Before we define a common data element, think about how participants might answer the below questions. Which questions would lead to a more precisely defined answer?
Select the questions which are precisely defined with a distinct set of permissible responses:
a) How often do you drink alcohol? ____________ (free text)
b) Select the number of alcoholic drinks you consume per week: 0, 1-2, 3-4, 5-6, 7+
a) What is your birthday? ________________ (free text)
b) Enter Date of Birth: (MM/DD/YYYY)
Did you notice that some of the questions could produce answers in many different formats? How would researchers combine data from two studies about alcohol consumption, if one study allowed free text response, and the other provided a list of answers to choose from? Similarly, how would researchers harmonize birth dates from two different studies, if one allowed free text responses and one specified a particular date format? It would be difficult, if not impossible.
This is where common data elements fit in.
A common data element (CDE) is a standardized, precisely defined question that is paired with a set of specific allowable responses, that is then used systematically across different sites, studies, or clinical trials to ensure consistent data collection.
In other words, common data elements are developed so that data can be collected in the same way across multiple research studies. They are generally structured as a precisely defined question and answer; with the answer having a specified format or set of permissible values. They can be grouped into sets to form questionnaires or surveys, case report forms or other instruments. Common data elements are defined unambiguously in both human and machine-computable terms.
The idea is that, if we can agree in the planning stages on what we are collecting and how the data is represented in a system, we can enable easier data sharing and reuse later.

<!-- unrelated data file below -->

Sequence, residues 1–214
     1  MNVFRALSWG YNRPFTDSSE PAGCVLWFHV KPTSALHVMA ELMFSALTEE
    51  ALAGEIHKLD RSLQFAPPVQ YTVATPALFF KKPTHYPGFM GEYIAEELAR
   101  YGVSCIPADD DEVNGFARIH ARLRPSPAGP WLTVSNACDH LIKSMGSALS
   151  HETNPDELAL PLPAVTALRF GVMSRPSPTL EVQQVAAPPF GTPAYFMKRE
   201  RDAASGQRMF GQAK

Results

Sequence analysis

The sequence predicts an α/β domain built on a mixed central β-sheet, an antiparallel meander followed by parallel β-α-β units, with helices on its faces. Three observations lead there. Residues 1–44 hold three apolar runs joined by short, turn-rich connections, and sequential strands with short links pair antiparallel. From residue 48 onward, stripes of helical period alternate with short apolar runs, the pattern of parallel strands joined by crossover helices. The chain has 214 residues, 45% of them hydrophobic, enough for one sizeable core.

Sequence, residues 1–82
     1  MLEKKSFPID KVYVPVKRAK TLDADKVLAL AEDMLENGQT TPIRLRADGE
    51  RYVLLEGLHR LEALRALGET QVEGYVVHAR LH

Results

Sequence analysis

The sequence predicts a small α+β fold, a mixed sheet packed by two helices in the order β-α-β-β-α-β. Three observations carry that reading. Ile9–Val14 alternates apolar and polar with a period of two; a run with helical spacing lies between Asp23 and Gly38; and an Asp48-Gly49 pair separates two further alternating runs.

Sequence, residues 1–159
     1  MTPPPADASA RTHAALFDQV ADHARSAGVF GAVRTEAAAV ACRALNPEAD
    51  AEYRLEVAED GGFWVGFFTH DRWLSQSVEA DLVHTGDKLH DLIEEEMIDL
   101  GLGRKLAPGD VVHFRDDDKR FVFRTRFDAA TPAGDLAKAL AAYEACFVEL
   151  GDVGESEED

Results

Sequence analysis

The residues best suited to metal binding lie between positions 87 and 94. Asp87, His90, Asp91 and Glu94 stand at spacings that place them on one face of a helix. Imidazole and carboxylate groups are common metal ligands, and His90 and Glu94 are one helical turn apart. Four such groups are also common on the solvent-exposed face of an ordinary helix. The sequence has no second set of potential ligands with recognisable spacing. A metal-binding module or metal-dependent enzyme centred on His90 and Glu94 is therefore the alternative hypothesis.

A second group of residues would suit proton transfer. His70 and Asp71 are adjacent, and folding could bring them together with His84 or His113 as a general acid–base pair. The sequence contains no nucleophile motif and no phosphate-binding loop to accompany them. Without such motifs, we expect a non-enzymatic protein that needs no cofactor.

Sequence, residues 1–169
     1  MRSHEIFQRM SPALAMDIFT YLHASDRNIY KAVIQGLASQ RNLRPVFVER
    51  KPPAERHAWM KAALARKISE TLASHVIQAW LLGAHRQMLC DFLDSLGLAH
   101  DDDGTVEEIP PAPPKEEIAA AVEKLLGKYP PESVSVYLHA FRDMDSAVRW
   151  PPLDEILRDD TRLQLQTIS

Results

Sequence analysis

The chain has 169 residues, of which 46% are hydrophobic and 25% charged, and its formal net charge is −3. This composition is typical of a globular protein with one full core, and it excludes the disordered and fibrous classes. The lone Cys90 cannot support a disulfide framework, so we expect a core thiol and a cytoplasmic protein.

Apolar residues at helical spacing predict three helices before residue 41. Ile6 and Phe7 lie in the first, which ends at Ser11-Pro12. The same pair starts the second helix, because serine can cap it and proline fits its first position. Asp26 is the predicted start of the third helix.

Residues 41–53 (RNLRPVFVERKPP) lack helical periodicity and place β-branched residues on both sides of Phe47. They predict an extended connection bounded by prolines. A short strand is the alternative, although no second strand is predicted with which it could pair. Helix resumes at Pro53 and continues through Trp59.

The U.S. Core Data for Interoperability (USCDI) has a list of standardized elements and recommendations to help create consistency across electronic health records, such as:
|Patient name||Date of birth||Medication allergies|
|Sex (assigned at birth)||Preferred language||Immunizations|
|Smoking status||Lab values / results||Medications|
Consider the USCDI data element: Ethnicity . The permissible values have been defined by the Office of Management and Budget (OMB) standard. The permissible values for ethnicity are:
You can view this entry in the NIH Common Data Element Repository, which we will go into more detail about later in this course.
Using common data elements contributes to the FAIR data principles we learned earlier. CDEs allow you to find a similar cohort in different data sets. They make data interoperable, increasing statistical power and allowing you to compare your data to existing data. CDEs help with efficiency of research, speeding up study start time by reusing metadata of standard forms, instruments, and tools. They also reduce the burden on data repositories for data validation and quality and on data coordinating centers that harmonize data after it’s been collected.
Common data elements are one type of health data standard. There are many types of health data standards that help us structure, organize and exchange health data. To learn more, see the course A Bird's Eye View of Health Data Standards - On Demand .
The Office of the National Coordinator for Health Information Technology (ONC). (n.d.). United States Core Data for Interoperability (USCDI). Improving Healthcare Data Interoperability. https://www.healthit.gov/isa/united-states-core-data-interoperability-uscdi#uscdi-v2 .